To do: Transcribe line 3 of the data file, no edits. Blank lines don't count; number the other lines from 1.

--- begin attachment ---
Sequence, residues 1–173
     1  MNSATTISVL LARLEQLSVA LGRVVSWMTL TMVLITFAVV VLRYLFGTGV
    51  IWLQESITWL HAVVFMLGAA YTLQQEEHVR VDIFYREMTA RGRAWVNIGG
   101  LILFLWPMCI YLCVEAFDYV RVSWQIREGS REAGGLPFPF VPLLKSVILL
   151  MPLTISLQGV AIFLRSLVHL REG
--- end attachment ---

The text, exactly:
    51  IWLQESITWL HAVVFMLGAA YTLQQEEHVR VDIFYREMTA RGRAWVNIGG